Koji Inoue


pdf bib
Reasoning before Responding: Integrating Commonsense-based Causality Explanation for Empathetic Response Generation
Yahui Fu | Koji Inoue | Chenhui Chu | Tatsuya Kawahara
Proceedings of the 24th Annual Meeting of the Special Interest Group on Discourse and Dialogue

Recent approaches to empathetic response generation try to incorporate commonsense knowledge or reasoning about the causes of emotions to better understand the user’s experiences and feelings. However, these approaches mainly focus on understanding the causalities of context from the user’s perspective, ignoring the system’s perspective. In this paper, we propose a commonsense-based causality explanation approach for diverse empathetic response generation that considers both the user’s perspective (user’s desires and reactions) and the system’s perspective (system’s intentions and reactions). We enhance ChatGPT’s ability to reason for the system’s perspective by integrating in-context learning with commonsense knowledge. Then, we integrate the commonsense-based causality explanation with both ChatGPT and a T5-based model. Experimental evaluations demonstrate that our method outperforms other comparable methods on both automatic and human evaluations.

pdf bib
Challenges and Approaches in Designing Social SDS in the LLM Era
Koji Inoue
Proceedings of the 19th Annual Meeting of the Young Reseachers' Roundtable on Spoken Dialogue Systems

Large language models (LLMs) have brought about a significant transformation in spoken dialogue systems (SDSs). It is anticipated that these systems will be implemented into diverse robotic applications and employed in a variety of social settings. The author presents research interest with the aim of realizing social SDSs from multiple perspectives, including task design, turn-taking mechanisms, and evaluation methodologies. Additionally, future research in social SDSs should delve into a deeper understanding of user mental states and a relationship with society via multi-party conversations. Finally, the author suggests topics for discussion regarding the future directions of SDS researchers in the LLM era.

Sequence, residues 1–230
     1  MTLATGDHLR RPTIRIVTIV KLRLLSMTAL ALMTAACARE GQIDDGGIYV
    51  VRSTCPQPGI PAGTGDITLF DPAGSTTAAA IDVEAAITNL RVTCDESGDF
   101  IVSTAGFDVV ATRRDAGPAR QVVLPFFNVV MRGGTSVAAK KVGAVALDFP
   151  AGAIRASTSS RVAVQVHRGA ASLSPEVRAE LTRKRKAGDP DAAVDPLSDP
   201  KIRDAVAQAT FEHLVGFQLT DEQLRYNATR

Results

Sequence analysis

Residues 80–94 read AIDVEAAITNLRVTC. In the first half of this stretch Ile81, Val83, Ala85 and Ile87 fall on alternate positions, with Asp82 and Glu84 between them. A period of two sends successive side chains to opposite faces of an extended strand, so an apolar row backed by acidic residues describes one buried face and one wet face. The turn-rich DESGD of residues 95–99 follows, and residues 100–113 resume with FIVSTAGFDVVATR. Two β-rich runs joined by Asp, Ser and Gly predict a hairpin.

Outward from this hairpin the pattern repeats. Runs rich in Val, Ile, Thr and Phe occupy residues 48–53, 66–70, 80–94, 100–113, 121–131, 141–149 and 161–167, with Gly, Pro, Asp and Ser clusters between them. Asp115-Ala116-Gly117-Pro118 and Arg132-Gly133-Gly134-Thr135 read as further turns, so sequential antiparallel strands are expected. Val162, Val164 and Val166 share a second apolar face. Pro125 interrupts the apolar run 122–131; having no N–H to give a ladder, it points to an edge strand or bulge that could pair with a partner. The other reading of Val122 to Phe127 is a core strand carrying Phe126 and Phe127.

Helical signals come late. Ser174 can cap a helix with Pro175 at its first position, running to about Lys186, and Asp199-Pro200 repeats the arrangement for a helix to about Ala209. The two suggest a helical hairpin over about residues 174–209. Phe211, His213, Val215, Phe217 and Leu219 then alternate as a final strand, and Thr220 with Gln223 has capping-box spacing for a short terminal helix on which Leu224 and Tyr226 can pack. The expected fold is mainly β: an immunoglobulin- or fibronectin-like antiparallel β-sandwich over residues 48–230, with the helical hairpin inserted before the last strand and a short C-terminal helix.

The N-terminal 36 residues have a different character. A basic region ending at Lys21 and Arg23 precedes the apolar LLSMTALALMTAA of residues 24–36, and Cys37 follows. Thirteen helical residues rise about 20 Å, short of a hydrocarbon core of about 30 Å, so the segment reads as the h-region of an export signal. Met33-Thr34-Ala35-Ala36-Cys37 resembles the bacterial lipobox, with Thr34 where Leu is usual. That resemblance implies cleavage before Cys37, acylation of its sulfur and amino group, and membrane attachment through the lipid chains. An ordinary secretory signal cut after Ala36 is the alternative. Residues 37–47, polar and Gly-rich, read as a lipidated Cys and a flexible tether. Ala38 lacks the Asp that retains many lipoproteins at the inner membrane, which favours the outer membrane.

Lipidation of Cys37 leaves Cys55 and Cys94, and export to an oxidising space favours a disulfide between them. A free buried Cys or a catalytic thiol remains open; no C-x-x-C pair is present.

pdf bib
Simultaneous Job Interview System Using Multiple Semi-autonomous Agents
Haruki Kawai | Yusuke Muraki | Kenta Yamamoto | Divesh Lala | Koji Inoue | Tatsuya Kawahara
Proceedings of the 23rd Annual Meeting of the Special Interest Group on Discourse and Dialogue

In recent years, spoken dialogue systems have been applied to job interviews where an applicant talks to a system that asks pre-defined questions, called on-demand and self-paced job interviews. We propose a simultaneous job interview system, where one interviewer can conduct one-on-one interviews with multiple applicants simultaneously by cooperating with the multiple autonomous job interview dialogue systems. However, it is challenging for interviewers to monitor and understand all the parallel interviews done by the autonomous system at the same time. As a solution to this issue, we implemented two automatic dialogue understanding functions: (1) response evaluation of each applicant’s responses and (2) keyword extraction as a summary of the responses. It is expected that interviewers, as needed, can intervene in one dialogue and smoothly ask a proper question that elaborates the interview. We report a pilot experiment where an interviewer conducted simultaneous job interviews with three candidates.


pdf bib
A multi-party attentive listening robot which stimulates involvement from side participants
Koji Inoue | Hiromi Sakamoto | Kenta Yamamoto | Divesh Lala | Tatsuya Kawahara
Proceedings of the 22nd Annual Meeting of the Special Interest Group on Discourse and Dialogue